The Life and Times of Robin Hood

At the end of our study of The Merry Adventures of Robin Hood (by Howard Pyle) in Medieval Literature, I offered students the opportunity to write a poem for dear old Robin. The only limitation for the assignment was to say something about our beloved Robin’s death in one of the lines. Oh, and the poem had to be at least three stanzas comprised of 10 lines each. The following poem was written by one of the brightest students in my class at Coram Deo Academics, which is a homeschooling adjunct.

Robin Hood's Tomb

Robin Hood’s Tomb

The Life and Times of Robin Hood

By Katherine Miller

Robin Hood’s dead!

What more can I say?

He died a sad death,

Rather than see a new May.

It wasn’t his fault.

It was that of treachery,

In the house of some nuns.

Yes, in the nunnery!

‘Twas his cousin who did it.

A fiend so cruel,

Well, she couldn’t hide him!

Her poor nunnish head

Would be severed for sure!

You see, Robin Hood, good,

Was in trouble with King,

For Robin liked Sherwood,

And preferred to sing!

Oh, the life Robin led!

With many a scare,

But a story for all!

The short and the fair!

He stole from the rich,

To give to the poor,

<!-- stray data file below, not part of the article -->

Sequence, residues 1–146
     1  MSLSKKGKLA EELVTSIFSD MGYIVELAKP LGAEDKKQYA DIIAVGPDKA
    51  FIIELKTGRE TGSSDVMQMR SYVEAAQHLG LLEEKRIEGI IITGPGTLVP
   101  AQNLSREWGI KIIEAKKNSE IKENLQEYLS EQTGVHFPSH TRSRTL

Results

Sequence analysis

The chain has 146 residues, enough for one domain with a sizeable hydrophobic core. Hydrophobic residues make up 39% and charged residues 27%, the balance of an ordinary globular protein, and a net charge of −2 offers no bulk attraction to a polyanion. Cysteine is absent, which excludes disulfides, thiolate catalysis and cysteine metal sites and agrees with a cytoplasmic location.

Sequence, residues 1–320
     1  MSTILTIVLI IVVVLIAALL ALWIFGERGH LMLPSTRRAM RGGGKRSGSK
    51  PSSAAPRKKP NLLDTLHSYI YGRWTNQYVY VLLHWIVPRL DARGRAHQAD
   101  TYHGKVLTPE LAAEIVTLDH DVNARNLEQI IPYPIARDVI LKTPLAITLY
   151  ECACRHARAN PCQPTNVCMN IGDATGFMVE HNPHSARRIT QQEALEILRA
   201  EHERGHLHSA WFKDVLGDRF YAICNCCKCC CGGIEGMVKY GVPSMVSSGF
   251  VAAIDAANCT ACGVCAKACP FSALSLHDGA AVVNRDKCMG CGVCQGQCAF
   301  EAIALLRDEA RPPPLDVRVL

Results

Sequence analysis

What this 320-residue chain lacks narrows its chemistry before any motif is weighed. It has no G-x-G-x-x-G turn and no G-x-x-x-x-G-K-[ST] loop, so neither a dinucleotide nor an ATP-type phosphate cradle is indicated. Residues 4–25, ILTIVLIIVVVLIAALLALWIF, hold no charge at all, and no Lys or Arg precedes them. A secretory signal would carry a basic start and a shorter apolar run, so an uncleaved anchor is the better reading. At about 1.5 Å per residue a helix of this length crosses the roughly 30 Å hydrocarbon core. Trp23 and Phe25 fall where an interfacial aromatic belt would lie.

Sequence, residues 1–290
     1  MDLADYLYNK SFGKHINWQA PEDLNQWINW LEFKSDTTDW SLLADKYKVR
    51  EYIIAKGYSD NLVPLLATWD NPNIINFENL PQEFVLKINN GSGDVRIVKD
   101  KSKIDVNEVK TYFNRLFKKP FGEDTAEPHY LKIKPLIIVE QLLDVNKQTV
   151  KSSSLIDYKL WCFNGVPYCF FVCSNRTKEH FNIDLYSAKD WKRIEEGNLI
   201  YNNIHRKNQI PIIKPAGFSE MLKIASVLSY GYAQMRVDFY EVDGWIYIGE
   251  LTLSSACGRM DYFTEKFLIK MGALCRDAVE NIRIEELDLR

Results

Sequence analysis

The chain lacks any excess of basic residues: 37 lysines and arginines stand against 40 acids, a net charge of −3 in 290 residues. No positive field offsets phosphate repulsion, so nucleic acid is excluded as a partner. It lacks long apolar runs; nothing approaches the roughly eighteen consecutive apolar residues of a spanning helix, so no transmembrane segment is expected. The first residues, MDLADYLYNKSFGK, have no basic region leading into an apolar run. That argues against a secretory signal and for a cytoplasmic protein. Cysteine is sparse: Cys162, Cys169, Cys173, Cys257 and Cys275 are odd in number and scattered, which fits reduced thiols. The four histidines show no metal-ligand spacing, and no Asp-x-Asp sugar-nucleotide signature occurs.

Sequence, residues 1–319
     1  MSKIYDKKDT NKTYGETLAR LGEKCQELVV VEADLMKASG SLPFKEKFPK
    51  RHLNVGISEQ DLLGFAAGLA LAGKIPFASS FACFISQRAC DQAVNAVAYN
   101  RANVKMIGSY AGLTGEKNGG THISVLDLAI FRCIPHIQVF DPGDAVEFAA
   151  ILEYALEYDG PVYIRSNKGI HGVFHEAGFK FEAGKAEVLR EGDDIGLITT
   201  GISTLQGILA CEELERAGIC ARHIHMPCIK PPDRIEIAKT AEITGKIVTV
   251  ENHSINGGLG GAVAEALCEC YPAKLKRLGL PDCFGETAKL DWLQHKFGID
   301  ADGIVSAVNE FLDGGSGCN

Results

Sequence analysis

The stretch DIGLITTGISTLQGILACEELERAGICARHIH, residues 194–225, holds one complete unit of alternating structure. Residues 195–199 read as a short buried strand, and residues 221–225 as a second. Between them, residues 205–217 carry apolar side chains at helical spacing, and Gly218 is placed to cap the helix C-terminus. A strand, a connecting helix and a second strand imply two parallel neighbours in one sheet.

More “borrow,” he’d say,

But we all know what for!

And Little John, tall,

With a temper for sure,

But nothing like Tuck’s

A grouch who lived in a moor!

And sweet Allan a’ Dale!

Ah, the voice of a lark!

But where was his wife?

Why, mentioned at the start!

His life was exciting,

Oh, yes, for sure!

He robbed many fat friars

And one skinny one more.

What could Robin do

when outlawed so long?

Well, kill all the king’s deer!

What else would he do?

He knew the bad Sheriff,

A chum, you could say,

But only one-sided,

For Robin Hood may . . . .

The Sheriff was grouchy,

Robin Hood was a pain!

He could no longer go out

Without being robbed once again.

Hood was a good bow,

Too good, you might say,

For with every bull’s eye

His head became a balloon in the sky.

Lincoln green was his color,

That’s all he would wear!

He dashed about in green tights,

He scared the King’s men far from there!

And how far they would run!

But nobody knew if they ran

From his tights or his toes!

For little curled toes,

That’s what his shoes showed;

Sometimes they were called:

The Curly’s  of woes!

But Robin Hood died.

Boy, what a tragic tale.

It would be great fun!

If his cousin wasn’t such a pill.

But it is all done.

His merry men cried,

And now I cry too,

For Robin Hood died.

But I must say, “Farewell!”

For there is no more to tell.

© by Katherine Miller (February 11, 2013), All Rights Reserved.